This is also evident in the United States, where the CARD Act of 2009 banned most risk-based repricing, where repricing rates for all cards now hover between 1.5% and 1.8% a year, and where many commentators agree that the restriction has increased the overall cost of credit.

On the other hand, in a market where credit is increasingly easy to obtain and where debts have hit pre-crisis levels, a low rate of repricing is also ensured by the fact that customers are more able than ever to move to another card provider.

While Government research has found that, back in 2010, 47% of customers were prepared to continue using a card even when its rate was repriced upwards, it's highly likely that the rate is significantly lower now, since providers currently seem to be falling over each other to gain and keep customers.

And even though this means that the UK public have racked up almost historic levels of debt, it also means they're less likely to be hit with a sudden risk-based hike in their interest rates.

Of course, that's not to say that repricing doesn't still happen to those who fail to keep up with their payments or engage in risky behaviour, which is why customers are still well advised to do everything they can to keep on their lender's good books.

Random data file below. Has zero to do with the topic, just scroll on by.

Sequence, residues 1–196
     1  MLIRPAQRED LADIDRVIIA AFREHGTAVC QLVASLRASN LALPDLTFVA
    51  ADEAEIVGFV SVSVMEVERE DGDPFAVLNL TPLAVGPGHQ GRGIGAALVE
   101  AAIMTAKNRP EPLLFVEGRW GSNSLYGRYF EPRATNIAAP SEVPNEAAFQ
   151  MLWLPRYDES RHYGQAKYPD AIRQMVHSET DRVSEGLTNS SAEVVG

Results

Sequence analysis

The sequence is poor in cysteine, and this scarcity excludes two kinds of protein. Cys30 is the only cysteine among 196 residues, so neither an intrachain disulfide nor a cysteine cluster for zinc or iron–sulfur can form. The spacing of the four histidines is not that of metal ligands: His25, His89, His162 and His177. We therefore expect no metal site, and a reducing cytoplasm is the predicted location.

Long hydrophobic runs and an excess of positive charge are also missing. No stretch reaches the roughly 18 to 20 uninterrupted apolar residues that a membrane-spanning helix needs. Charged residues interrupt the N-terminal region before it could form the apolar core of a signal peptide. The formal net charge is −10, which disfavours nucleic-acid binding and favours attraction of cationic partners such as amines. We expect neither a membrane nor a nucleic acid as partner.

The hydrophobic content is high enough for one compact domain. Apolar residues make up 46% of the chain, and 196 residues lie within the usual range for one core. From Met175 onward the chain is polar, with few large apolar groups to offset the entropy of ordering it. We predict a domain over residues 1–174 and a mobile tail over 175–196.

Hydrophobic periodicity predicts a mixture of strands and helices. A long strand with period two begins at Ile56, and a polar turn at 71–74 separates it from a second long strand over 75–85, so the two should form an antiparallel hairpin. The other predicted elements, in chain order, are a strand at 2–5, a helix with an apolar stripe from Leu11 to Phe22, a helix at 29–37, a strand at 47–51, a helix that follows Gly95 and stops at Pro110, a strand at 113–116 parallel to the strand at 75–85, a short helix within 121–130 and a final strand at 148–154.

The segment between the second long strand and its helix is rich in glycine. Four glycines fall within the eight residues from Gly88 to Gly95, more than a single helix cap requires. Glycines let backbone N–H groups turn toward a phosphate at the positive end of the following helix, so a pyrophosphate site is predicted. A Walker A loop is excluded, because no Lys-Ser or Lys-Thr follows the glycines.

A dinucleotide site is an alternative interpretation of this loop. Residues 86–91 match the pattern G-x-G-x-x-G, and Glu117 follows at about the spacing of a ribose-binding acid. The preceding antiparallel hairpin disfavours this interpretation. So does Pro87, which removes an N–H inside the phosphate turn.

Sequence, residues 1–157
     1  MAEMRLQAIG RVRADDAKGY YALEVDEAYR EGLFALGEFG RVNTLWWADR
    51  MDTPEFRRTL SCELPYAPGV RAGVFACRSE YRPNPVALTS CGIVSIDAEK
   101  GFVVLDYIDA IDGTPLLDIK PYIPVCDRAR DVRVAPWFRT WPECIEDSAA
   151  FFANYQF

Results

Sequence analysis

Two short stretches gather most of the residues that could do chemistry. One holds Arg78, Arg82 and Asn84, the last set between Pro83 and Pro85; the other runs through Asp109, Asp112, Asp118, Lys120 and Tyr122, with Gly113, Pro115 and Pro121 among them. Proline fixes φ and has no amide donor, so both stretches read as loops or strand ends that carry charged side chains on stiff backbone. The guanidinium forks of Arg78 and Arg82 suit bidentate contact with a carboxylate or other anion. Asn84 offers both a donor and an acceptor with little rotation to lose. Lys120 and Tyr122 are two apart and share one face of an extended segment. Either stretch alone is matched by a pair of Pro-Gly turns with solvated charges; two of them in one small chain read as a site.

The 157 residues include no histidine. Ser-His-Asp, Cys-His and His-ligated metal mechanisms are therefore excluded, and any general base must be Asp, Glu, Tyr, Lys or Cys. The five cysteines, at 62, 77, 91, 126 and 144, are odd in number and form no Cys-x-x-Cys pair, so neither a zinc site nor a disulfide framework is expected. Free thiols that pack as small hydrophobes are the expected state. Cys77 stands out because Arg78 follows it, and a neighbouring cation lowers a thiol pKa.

16 March 2013
Jill Shepherd

I've had a credit card with the Co-operative Bank for over 20 years now and have never owed much more than £1500 on it in all that time.

I have never missed a payment either until this month, when I simply forgot, as we all do from time to time. The very next day they generated a letter to me which I received today, telling me that my rate of interest will be increasing in 60 days from 18.9 to 20.9% p.a! So much for loyalty!

No explanation as to why (I'm hardly high risk and owe them a mere £40 right now!). I also transferred a balance of £1200 to Barclaycard last October so I am wondering if I'm no longer making them enough money so they've penalised me because of that too.

I'm very disappointed with them after all these years and will stop using the card that I've always loved (Greenpeace donations happen through it). Nice one Co-op. Cheers.